In class on Tuesday, we discussed the Reformers’ desire to portray Mary as “just any other Christian.” Paradoxically – at least in the case of Luther – some of this similarity is deduced from Mary’s participation in a seemingly anomalous event: The Annunciation. In his Sermon on the birth of Mary (1522) and his Sermon on the Day of the Annunciation (1532), Luther shows this through an argument against Marian intercession. This argument is centered on his notion of her as a grace-receiver rather than a grace-conferrer. While this scriptural argument is internally consistent – and possibly ruinous for those who believe that she “earned” her grace – it is not clear that such people actually existed. While MacCulloch takes it for granted that they did, our course readings suggest that Luther’s understanding – one of Mary as a grace receiver – was the same understanding posited by medieval Catholics.
Luther On Mary’s Grace:
Made necessary by priests’ and monks’ supposed exaltation of Mary to goddess-like status, Luther begins Sermon on the Birth of Mary by explaining that it necessary to honor the virgin correctly. This basis for her honor is Scriptural, but it comes from neither Isaiah 7:14 nor Ezekiel 44:2. Rather, Luther invokes Paul, citing Romans 12:10: “…love one another with mutual affection; outdo one another in showing honor” (NSRV, Luther 36). This suggestion that Mary should be honored because she is a Christian person, rather than because she is the mother of God, prefigures his “she is the same as us” language in Sermon on the Birth, as well as his later work in Sermon on the Day of the Annunciation.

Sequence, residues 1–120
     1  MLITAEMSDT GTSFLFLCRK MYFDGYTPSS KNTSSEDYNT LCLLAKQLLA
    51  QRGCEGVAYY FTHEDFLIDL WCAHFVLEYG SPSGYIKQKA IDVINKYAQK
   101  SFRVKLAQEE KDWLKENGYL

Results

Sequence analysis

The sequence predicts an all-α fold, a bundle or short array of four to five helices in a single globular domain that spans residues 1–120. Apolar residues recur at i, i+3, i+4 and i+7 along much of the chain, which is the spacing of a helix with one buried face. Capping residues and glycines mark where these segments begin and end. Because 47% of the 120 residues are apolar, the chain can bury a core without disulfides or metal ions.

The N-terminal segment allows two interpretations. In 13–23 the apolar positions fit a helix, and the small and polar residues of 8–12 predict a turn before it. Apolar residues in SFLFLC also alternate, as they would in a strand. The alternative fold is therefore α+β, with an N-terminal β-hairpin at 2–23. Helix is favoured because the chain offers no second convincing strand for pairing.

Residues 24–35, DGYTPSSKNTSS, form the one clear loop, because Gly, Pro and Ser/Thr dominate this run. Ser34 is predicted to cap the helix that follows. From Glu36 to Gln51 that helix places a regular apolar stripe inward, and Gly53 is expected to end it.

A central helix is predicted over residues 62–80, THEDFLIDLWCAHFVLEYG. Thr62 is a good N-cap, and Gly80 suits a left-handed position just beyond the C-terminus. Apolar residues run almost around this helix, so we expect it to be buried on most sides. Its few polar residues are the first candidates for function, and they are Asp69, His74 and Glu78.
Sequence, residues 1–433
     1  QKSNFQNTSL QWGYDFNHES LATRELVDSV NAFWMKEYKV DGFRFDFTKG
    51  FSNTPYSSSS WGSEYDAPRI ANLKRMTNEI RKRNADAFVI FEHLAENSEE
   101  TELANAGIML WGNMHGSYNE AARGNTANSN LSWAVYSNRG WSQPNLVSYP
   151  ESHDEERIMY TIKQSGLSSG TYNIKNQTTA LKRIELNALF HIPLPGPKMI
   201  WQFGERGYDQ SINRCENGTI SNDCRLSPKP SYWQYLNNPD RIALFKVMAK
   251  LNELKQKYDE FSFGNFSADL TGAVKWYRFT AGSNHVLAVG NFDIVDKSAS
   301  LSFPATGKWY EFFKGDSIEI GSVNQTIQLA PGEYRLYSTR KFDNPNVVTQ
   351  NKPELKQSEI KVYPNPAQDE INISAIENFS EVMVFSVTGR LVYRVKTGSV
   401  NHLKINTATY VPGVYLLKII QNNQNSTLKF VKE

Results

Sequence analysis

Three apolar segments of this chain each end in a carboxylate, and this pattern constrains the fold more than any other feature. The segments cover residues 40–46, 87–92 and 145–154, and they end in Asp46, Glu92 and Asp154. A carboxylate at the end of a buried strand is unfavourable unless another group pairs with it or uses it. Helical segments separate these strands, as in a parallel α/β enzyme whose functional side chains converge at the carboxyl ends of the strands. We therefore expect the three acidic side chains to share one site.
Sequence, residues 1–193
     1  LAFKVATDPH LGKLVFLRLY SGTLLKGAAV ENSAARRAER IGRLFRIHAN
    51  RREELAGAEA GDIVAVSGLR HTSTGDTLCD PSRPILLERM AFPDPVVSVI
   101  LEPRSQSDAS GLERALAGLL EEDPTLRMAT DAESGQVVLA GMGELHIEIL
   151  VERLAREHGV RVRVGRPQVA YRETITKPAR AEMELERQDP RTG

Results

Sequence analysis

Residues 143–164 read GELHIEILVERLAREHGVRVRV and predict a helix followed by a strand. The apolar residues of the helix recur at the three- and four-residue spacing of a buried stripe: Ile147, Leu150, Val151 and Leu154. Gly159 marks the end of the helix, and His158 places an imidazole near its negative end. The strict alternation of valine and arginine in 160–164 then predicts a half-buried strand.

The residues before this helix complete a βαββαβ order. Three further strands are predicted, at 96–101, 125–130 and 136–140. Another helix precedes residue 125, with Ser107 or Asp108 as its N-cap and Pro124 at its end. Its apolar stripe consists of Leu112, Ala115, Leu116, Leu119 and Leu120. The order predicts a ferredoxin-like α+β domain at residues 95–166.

In the former, while discussing why improperly honoring Mary harms Christ, Luther explains, “She did receive great grace, but this did not happen because she earned it, but because of the mercy of God. We cannot all be the bodily Mother of God; but she is the same as us; she came to grace through the blood of Christ just like I did” (Luther 36). There are two concepts of import here: she did not earn the grace (she received it from God), and “she is the same as us.”
Because she got the grace from God by no work of her own – note the slight difference between this and the Cistercian conception of Mary’s will affirming the Incarnation – she cannot give it out to others. She is not an arbiter, but rather a receiver. Therefore, she cannot be an intercessor, nor can she be a goddess (Luther 37). It is in this way that she remains “like us,” who can only receive grace through God’s mercy.
For Luther, as is to be expected, this argument is grounded in the words of the New Testament. In Sermon on the Birth of Mary, he implores those who honor Mary to not “turn the scripture into lies” (Luther 35). He chides the “papists” for using the Epistles to refer to Mary, which notably he does just a few paragraphs earlier (although in reference to Mary as just any other Christian). So, in Sermon on the day of the Annunciation, he looks to Luke 1:27, where Mary’s name is invoked by the Evangelist. It is this phrase, quoted by Luther as “Do not fear, Mary, you have found grace with God” (Luther 39), on which much of the supposed impropriety of the “papists” was hinged. It is also the same phrase that Luther uses to show why they are wrong.